Hi Susan, Congratulations and welcome to this important position! As a retired Fellow, and Professor Emeritus I applaud your emphasis on virtual care as well as outcomes. As a member of the broader community of health care consumers, permit me to suggest one other major focus that is commonly lacking: appropriateness and effectiveness. Outcomes research does not always include appropriateness. (Consider the most recent literature on resuscitation in the elderly.) Several years ago I published a small booklet intended for consumers: Ultimate Health, Finding It. It encourages us all to ask more questions before hastening to intervention. If you have interest I would happily send you a copy and it is available as an ebook through Amazon or Friesen Press. Wishing you a very successful and rewarding career in this new leadership role.
Avatar Orison. Alistair Thores | February 11, 2020
While I agree with the objectives you outline, particularly in view of my experience as a director of public health and clinician in BC and Ontario years ago and appreciate technology is making things we only dreamed of then possible, considerable caution will be needed to avoid abuses, in particular to safeguard confidentiality. It is pertinent that only California has recently passed a state law providing individuals may opt out of data sharing of personal data and only Florida so far to prohibit the passing on of genetic information derived from dna and other tests. In the latter case it had emerged test results provided commercially for family history enquiries had been sold on to insurers without knowledge and agreement to allow them to adjust premiums for the individuals. Regards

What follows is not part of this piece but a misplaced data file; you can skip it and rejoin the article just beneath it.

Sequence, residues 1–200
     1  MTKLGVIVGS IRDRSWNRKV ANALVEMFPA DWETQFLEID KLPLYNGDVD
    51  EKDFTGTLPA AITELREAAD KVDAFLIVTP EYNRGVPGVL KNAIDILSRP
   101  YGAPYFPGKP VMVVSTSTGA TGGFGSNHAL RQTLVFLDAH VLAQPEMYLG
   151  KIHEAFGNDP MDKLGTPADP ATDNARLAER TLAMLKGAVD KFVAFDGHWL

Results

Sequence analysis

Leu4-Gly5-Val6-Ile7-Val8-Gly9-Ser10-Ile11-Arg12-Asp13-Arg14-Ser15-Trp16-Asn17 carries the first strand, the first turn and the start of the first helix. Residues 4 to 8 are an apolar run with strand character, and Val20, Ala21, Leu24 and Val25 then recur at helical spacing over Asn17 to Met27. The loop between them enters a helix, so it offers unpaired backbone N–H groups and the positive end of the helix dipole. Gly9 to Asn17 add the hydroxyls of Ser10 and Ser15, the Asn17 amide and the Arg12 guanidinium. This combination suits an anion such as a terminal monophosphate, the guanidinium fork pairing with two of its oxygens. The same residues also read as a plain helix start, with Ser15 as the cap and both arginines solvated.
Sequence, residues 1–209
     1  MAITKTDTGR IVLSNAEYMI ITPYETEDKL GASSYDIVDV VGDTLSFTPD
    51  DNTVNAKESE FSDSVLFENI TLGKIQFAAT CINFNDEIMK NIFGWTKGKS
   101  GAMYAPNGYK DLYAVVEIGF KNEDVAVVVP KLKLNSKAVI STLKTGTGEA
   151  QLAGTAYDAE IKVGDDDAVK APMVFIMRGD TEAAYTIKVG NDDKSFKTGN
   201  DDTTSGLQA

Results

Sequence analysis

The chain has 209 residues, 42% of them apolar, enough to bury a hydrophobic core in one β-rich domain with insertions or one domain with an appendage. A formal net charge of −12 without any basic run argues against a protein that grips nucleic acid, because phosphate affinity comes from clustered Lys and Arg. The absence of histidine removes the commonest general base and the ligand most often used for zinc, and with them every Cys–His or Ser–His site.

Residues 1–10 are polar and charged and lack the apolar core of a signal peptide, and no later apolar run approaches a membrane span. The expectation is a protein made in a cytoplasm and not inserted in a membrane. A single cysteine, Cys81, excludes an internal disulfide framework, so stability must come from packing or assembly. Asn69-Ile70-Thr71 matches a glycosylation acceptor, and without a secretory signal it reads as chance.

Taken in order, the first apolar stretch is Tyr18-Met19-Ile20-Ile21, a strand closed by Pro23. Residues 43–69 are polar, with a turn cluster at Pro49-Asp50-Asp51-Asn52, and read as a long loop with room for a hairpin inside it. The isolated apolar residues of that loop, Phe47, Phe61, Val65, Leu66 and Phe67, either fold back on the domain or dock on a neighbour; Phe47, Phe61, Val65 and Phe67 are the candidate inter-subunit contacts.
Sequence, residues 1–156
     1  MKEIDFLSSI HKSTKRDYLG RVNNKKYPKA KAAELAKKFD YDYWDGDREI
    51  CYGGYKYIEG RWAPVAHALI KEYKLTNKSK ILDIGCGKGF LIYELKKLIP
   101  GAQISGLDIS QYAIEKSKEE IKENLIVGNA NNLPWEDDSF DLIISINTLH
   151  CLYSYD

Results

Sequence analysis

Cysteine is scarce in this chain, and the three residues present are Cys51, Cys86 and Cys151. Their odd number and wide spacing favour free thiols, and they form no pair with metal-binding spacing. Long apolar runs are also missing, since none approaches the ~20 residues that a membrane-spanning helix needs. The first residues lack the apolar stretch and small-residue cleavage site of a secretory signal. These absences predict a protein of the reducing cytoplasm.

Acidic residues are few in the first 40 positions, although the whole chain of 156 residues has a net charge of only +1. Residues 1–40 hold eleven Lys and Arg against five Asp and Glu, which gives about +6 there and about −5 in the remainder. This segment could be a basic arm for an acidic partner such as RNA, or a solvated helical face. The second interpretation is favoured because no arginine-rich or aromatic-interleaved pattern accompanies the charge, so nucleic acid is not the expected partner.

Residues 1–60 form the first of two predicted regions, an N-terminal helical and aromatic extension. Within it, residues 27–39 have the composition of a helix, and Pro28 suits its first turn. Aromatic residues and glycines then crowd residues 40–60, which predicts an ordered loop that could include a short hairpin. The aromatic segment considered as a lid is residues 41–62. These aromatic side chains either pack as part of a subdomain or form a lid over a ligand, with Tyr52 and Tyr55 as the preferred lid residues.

Avatar Greg Berry | February 11, 2020
Welcome. I have been using teleconsultation to serve the Inuit population in the north f Quebec for the last 3 years. It is a tool that has worked well (albeit with some snafus) and that I look forward to implementing for local patients in the near future. I applaud you for embracing this technology which has enormous potential for improving the access and ease of care we should be providing. Regards, G
Avatar Bernice Capusten | February 11, 2020
Congratulations! And good news for us. Please let me know if there is anything I can do to help you. Bernice Capusten Red Deer, Alberta
Avatar Mateen Raazi | February 11, 2020
Hello Dr. Moffat-Bruce, First, welcome to your new role. Thanks for making Virutal Care part of your first RCPSC message. Given the geography and the population distribution in Saskatchewan as well as the single Saskatchewan Health Authority foundation transformation in our province, Virtual Care is an even more significant tool for us. I look froward to working and interacting with you in my ACUDA and RCPSC Specialty Committee work. Be well Mateen Raazi Dr. Mateen Raazi Provincial Head Anesthesiology University of Saskatchewan Saskatchewan Health Authority